Suzie Winquist sizes up our Wild Helianthus in the Arboretum.
Landscaping with native plants has many purposes and benefits. The plants are already adapted to grow and thrive in this area of the Swannanoa Valley and so they need little maintenance once they have been established. Native grasses and wildflowers also provide forage material for wildlife, like birds, which are dependent upon native plants for their food and for cover. Although non-native plants will grow in the landscape, they may not necessarily benefit the insect or animal population. Non-native plants can even become invasive and out-compete native plants. Some examples of invasive species include stands of Kudzu and Oriental Bittersweet that bring more exotic species to the area.
The Warren Wilson Landscaping crew has incorporated the use of native plants in the campus landscape. The best thing about native grasses is that they don't need to be mowed. Most native grasses that our crew works with are warm season perennial grasses. They are managed through burning and manual weeding in the first stages of establishment. Once a grass stand is established, it can be maintained with little effort. One long-term goal of the Native grass crew is to slowly develop these areas into No-Mow lawns. Areas that are not utilized by the campus for recreation or other purposes can easily be turned into native prairie landscapes.
Other goals of the Grass crew include providing opportunities for the campus to become educated about native plants and wildlife. Many of our planting sites are used by classes for the identification and collection of bugs, plants, soil, and studying other topics of academic interest. The WWC Grass crew was initiated in 1998 by the USDA, which contracted the Warren Wilson College Landscaping Crew to identify and grow native plants for the Forest Service. The Grass Crew still grows plants for off-campus contracts and outside purchases, but is now focusing on what we can do for the campus.
The Native Plants Crew has begun it's three year endeavor to grow over 30,000 native plants that will be used by National Forests in North Carolina in large scale restoration and research projects. To learn more about this great opportunity, click on the link below.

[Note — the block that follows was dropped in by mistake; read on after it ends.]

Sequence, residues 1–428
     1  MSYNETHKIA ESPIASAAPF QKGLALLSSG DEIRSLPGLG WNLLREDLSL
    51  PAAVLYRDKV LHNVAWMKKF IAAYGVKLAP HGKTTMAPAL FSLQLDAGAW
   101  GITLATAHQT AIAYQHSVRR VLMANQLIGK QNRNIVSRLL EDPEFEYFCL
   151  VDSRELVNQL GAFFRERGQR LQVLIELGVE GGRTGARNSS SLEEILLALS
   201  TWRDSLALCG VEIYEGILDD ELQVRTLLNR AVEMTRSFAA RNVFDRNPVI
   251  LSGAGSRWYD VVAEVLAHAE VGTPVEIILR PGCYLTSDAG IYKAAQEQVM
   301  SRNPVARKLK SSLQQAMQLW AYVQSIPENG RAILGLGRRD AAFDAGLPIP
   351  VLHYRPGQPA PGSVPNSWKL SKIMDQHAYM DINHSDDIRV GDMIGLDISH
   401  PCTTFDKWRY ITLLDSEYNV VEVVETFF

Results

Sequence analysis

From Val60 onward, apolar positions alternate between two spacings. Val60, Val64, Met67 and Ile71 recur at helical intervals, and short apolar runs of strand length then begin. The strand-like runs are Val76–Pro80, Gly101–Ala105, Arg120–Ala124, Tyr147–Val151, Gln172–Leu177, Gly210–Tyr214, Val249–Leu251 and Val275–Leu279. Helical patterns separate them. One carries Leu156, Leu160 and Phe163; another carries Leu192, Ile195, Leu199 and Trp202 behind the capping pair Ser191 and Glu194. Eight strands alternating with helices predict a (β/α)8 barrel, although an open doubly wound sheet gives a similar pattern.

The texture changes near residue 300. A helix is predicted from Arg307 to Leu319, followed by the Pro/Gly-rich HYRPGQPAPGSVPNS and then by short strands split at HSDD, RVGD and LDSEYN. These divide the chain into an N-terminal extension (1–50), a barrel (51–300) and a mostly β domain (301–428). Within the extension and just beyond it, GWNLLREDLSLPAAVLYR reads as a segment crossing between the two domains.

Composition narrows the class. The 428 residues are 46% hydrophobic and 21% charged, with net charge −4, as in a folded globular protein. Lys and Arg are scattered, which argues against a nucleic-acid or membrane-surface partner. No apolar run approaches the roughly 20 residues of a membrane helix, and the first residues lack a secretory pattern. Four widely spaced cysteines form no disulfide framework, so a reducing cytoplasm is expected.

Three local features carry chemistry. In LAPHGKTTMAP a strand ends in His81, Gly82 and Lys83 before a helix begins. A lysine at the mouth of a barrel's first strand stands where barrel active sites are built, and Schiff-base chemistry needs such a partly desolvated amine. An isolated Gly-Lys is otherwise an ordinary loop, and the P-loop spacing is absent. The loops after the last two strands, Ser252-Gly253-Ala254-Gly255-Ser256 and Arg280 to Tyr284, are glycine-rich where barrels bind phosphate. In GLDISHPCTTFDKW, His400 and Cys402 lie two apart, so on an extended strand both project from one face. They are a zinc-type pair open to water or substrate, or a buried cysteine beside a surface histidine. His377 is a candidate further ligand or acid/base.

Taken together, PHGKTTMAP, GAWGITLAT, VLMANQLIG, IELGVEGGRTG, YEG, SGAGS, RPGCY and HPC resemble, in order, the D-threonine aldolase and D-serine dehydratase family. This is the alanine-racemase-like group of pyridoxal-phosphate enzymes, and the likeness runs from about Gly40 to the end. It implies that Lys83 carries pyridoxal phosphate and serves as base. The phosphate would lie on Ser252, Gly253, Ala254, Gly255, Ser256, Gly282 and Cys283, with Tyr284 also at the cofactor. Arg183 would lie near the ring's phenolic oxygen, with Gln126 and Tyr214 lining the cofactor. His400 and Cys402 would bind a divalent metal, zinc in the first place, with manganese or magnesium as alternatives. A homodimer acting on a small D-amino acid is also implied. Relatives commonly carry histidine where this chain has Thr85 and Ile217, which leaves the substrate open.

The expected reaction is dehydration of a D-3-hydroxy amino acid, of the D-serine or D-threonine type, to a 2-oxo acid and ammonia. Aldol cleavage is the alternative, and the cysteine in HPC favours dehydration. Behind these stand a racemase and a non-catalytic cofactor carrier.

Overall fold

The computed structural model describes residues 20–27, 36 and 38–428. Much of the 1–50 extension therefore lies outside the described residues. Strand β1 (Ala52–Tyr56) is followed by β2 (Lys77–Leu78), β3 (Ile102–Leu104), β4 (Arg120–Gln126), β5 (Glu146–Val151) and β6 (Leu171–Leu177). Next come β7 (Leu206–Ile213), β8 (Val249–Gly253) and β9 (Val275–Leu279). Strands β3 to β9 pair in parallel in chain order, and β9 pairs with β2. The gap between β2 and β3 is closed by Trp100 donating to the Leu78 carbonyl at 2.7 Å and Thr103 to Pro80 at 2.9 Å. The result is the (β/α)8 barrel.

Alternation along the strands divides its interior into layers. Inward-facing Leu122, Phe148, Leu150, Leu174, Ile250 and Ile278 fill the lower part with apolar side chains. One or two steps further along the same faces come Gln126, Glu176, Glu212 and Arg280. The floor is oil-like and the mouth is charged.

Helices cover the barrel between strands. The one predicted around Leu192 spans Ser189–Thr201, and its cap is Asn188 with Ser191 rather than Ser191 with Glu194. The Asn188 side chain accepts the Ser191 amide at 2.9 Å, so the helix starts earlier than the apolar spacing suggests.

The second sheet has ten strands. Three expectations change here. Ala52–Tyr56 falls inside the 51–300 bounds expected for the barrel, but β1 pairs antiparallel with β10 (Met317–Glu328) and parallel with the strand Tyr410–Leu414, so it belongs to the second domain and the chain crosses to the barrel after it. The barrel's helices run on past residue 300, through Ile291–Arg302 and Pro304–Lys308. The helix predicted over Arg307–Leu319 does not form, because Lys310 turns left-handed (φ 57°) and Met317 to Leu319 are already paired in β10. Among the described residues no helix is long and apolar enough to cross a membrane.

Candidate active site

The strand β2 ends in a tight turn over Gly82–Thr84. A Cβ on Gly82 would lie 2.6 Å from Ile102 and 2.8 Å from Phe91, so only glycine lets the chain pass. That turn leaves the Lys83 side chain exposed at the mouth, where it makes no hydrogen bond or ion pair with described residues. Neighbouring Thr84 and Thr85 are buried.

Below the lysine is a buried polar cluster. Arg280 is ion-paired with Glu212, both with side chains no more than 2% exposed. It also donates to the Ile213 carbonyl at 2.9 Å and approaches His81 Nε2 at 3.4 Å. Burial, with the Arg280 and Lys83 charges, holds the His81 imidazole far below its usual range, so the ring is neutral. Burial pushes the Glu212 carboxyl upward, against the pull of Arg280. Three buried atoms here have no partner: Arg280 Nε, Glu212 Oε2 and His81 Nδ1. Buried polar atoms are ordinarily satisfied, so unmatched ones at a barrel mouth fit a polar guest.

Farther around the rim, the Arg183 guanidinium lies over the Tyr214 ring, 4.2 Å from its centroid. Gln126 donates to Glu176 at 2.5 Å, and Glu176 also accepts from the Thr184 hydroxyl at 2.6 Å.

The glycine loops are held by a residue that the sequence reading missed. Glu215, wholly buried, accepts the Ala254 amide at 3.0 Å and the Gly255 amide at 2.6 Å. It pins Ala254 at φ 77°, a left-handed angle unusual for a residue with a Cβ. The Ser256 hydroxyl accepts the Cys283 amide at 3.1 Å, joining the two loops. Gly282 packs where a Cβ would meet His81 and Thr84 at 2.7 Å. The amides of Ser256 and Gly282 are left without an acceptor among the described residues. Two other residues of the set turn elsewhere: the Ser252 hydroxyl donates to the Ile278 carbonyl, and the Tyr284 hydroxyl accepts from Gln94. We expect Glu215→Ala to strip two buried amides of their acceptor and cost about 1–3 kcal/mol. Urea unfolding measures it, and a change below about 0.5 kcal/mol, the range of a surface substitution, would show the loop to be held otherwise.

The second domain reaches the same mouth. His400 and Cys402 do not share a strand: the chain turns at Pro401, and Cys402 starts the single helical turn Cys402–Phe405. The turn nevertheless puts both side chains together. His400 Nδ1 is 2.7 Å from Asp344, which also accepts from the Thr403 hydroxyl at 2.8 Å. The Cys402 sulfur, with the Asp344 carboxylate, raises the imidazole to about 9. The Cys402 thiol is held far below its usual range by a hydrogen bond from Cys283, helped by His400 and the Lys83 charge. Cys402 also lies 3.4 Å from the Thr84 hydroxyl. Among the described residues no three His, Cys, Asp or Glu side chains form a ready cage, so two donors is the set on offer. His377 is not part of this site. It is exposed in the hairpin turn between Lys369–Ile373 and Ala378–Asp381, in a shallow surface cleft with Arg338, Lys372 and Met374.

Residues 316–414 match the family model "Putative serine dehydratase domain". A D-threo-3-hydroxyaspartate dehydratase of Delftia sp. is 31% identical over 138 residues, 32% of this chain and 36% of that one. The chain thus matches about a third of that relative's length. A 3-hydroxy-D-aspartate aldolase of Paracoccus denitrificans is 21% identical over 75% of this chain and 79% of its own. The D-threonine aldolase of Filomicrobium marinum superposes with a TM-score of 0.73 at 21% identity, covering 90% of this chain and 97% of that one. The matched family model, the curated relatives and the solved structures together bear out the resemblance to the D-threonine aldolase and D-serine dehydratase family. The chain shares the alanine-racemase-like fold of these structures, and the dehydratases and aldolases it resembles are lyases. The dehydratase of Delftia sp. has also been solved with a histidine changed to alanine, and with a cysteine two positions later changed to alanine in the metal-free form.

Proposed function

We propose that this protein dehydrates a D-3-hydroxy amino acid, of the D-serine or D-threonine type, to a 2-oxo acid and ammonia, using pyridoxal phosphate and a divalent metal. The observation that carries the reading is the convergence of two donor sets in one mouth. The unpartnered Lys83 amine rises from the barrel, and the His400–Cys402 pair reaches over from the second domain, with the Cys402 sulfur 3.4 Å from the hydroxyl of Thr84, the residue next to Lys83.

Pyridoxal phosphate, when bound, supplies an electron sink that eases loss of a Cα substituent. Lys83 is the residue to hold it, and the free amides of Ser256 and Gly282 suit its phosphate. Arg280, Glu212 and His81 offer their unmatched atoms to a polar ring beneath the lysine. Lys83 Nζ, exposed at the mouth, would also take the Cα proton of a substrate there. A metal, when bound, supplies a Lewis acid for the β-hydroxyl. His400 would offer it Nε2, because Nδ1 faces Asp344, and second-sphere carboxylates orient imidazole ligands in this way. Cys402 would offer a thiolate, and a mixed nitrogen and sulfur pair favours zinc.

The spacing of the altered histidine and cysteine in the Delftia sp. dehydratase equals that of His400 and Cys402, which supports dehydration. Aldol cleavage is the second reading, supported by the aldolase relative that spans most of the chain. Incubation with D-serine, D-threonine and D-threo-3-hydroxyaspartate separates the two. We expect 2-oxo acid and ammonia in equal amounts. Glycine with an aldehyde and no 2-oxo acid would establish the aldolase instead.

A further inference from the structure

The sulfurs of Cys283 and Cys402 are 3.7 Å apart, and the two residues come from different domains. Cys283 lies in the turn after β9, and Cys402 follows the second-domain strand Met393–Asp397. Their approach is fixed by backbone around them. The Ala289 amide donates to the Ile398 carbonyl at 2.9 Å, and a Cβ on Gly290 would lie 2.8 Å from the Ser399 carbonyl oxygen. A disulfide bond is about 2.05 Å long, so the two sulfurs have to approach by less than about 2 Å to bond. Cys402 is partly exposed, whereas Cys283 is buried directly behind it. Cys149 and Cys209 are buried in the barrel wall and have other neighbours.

In addition to working with the general landscaping crew and the landscape design crew to grow and maintain native plants all over campus in areas such as the Formal Gardens or outside the Log Cabin, the native plants crew has taken on and maintained five major campus projects.
The Arboretum Field
This native plants sanctuary is a great place to learn the names of some of our commonly used plants, like Coreopsis, or our more exotic ones, Rattlesnake Master. Come by in Spring and Summer to watch the Monarch Caterpillars on the Milkweed and Butterflyweed.
Most recently, landscaping removed the grass from this hill and created a designed native plants landscape. It was time consuming and took all of landscaping to do it, but within five months an entirely new hill appeared predominantly featuring Tridens Flavus, or Purple Top, as well as Hey-Scented Ferns, Bottlebrush, River Oats and the recognizable Heart-Shaped Aster.
Jensen After Planting
The Finished Hill
Starting in Summer 2008, the entire landscaping crew worked to convert the grass on this hill in front of Morse and Witherspoon to native plants. Now this area contains a large variety of native grass species and wildflowers including Bottlebrush grass, Purple Cone Flower, and the less common Rattlesnake Master. This time of year it is an wonderful place for bird watching, as many of our local genotypes provide excellent seeds and forage material.
After work day two years ago, the fox pond has never looked better. This is the best area to look at a variety of native plants in their natural landscape.
The conversion to native grasses in the medians in the Kitteredge parking lot has been a great success.
This native grass arboretum across from the log cabin features some wonderful (and labeled) plants.